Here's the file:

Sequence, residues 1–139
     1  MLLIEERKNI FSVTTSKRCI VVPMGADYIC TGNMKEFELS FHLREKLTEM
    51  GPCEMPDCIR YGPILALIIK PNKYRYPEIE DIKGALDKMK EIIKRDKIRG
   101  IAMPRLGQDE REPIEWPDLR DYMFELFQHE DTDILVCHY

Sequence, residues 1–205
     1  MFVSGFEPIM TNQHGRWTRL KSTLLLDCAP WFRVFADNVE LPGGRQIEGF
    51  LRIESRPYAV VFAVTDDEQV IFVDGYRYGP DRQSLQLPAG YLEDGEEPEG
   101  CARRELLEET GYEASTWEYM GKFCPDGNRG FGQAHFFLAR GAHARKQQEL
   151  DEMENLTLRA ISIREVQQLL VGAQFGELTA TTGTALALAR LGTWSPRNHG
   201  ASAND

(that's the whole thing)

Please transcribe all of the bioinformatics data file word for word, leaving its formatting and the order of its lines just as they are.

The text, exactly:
Sequence, residues 1–139
     1  MLLIEERKNI FSVTTSKRCI VVPMGADYIC TGNMKEFELS FHLREKLTEM
    51  GPCEMPDCIR YGPILALIIK PNKYRYPEIE DIKGALDKMK EIIKRDKIRG
   101  IAMPRLGQDE REPIEWPDLR DYMFELFQHE DTDILVCHY

Sequence, residues 1–205
     1  MFVSGFEPIM TNQHGRWTRL KSTLLLDCAP WFRVFADNVE LPGGRQIEGF
    51  LRIESRPYAV VFAVTDDEQV IFVDGYRYGP DRQSLQLPAG YLEDGEEPEG
   101  CARRELLEET GYEASTWEYM GKFCPDGNRG FGQAHFFLAR GAHARKQQEL
   151  DEMENLTLRA ISIREVQQLL VGAQFGELTA TTGTALALAR LGTWSPRNHG
   201  ASAND